8. While I am not familiar with the exact lay of the land where discharges currently occur on the Auckland Isthmus, it is my understanding that locations exist near major discharge points where underground storage tanks could be located. Based on my North Shore experience and knowledge of construction costs of storage there, I believe there would be savings with such an approach on the Auckland Isthmus. In addition, a key benefit with NSCC’s incrementally built storage tank system, is that environmental benefits are delivered as soon as the first tank is in place and operational. The Central Interceptor will not produce benefits from reduced discharges until it is virtually complete. This is a typical negative of centralised infrastructure. The separate storage tank approach delivers an intelligent de-centralised system which can be controlled remotely to respond to the kind of localised weather-bomb type events that can very quickly overwhelm traditional sewage systems. While I understand that Watercare does not need to show that it has considered every alternative, in my opinion its lack of consideration of the NSCC approach to the problem is not in keeping with Watercare’s stated objectives and is not consistent with the overall purpose of the RMA.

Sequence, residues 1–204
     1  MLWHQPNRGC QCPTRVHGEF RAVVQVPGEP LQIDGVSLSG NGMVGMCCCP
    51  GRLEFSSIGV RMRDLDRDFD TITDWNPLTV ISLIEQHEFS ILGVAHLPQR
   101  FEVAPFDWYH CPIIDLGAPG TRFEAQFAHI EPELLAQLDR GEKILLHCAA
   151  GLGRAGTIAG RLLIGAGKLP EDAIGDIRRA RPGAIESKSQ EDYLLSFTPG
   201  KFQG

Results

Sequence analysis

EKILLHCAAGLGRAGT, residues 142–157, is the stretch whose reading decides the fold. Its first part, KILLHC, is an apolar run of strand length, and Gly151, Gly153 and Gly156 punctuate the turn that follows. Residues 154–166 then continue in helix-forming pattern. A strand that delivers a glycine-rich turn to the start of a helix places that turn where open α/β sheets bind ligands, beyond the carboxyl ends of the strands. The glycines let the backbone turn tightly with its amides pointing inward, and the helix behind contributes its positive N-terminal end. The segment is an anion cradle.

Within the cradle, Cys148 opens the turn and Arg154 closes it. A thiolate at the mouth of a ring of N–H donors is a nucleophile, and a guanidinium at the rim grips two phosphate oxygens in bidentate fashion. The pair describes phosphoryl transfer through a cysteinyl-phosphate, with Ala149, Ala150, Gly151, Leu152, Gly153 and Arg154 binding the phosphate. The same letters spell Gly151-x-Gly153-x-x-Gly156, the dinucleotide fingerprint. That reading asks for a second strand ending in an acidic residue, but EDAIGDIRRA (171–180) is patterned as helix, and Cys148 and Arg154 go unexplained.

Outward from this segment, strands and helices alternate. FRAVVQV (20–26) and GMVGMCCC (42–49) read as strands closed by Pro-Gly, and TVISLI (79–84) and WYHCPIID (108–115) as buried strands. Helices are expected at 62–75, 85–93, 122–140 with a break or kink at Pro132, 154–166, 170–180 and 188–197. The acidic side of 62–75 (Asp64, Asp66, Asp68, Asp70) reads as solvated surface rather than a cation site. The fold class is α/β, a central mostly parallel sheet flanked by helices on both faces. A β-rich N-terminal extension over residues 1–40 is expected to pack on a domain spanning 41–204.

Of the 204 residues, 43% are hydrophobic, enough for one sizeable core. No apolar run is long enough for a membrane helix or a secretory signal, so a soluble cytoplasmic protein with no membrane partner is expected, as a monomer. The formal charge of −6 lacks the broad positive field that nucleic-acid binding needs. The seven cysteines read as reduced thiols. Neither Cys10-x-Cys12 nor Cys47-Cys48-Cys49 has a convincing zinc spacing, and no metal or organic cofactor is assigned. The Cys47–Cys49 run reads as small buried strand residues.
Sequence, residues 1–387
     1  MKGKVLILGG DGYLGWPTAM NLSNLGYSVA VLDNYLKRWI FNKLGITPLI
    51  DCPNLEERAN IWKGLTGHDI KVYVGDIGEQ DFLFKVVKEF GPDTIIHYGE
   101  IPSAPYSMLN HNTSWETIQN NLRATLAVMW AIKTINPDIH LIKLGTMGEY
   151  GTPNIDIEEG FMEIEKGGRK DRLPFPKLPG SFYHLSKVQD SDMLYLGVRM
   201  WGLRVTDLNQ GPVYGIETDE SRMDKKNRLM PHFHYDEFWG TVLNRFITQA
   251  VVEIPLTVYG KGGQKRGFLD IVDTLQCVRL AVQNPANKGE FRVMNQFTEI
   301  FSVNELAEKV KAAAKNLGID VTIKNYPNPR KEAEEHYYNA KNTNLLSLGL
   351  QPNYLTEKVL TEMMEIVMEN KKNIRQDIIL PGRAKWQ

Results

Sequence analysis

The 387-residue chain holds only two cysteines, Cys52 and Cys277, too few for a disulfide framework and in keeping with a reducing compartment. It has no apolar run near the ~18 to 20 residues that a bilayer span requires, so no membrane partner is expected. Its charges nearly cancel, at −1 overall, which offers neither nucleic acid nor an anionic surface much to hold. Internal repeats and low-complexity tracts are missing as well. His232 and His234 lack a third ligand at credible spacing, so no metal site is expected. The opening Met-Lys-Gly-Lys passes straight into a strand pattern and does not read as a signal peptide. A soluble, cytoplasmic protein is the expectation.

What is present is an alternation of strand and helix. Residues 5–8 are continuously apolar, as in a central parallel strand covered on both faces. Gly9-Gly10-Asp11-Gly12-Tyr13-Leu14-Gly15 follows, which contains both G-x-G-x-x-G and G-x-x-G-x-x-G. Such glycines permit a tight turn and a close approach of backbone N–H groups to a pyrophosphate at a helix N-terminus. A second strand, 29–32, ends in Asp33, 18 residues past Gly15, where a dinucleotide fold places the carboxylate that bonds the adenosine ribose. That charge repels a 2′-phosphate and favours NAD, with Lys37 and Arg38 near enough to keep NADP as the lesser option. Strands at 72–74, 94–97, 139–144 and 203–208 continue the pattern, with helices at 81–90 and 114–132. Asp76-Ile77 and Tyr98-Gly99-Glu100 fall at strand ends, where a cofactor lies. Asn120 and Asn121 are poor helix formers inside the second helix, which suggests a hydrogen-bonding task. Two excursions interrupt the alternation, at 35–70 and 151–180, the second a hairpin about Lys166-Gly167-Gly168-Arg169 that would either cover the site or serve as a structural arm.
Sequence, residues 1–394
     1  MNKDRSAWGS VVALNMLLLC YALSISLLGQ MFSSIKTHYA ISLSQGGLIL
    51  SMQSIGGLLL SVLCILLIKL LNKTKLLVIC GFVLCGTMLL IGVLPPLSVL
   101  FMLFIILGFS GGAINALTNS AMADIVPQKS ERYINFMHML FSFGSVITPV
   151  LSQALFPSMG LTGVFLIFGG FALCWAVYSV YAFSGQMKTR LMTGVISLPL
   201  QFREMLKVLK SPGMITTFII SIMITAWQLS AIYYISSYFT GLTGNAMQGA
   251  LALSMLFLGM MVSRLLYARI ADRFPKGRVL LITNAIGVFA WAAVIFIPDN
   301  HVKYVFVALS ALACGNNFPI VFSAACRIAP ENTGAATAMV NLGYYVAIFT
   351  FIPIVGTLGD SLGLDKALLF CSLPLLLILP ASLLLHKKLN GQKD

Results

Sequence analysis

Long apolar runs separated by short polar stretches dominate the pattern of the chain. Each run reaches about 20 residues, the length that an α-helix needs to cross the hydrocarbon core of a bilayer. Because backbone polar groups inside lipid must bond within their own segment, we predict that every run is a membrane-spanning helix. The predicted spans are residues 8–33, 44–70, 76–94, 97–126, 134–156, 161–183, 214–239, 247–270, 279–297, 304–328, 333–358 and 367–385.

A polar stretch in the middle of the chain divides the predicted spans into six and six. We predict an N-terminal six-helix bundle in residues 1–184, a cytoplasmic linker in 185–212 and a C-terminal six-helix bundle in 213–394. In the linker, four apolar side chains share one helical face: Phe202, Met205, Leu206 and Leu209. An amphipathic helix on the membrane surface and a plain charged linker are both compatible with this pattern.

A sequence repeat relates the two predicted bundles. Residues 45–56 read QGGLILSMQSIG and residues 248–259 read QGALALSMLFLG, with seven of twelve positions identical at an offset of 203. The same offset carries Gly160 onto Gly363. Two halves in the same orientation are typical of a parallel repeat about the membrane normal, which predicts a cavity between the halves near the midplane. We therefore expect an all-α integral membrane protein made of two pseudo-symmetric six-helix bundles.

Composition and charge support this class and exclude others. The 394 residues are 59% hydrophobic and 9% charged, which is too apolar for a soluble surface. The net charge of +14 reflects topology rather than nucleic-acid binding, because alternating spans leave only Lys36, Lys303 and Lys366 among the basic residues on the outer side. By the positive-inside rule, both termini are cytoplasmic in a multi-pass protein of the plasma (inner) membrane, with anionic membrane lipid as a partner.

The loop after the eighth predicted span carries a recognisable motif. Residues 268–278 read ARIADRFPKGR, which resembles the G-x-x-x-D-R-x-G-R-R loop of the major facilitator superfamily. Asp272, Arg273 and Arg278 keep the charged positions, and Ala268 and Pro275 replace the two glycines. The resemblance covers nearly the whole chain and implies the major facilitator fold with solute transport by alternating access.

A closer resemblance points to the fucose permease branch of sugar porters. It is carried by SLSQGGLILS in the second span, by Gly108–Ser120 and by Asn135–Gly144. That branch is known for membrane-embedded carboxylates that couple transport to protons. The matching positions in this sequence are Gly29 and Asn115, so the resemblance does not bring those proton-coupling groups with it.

Network Discharge Consent Process

9. Watercare’s EIA for the Central Interceptor project states:

Once the Central Interceptor scheme is completed, the scheme will reduce the average annual wastewater overflow volumes discharged from this network by approximately 80%. This equates broadly to network overflow discharges in 6 – 12 storm events in an average year, down from the many hundreds of events that currently occur....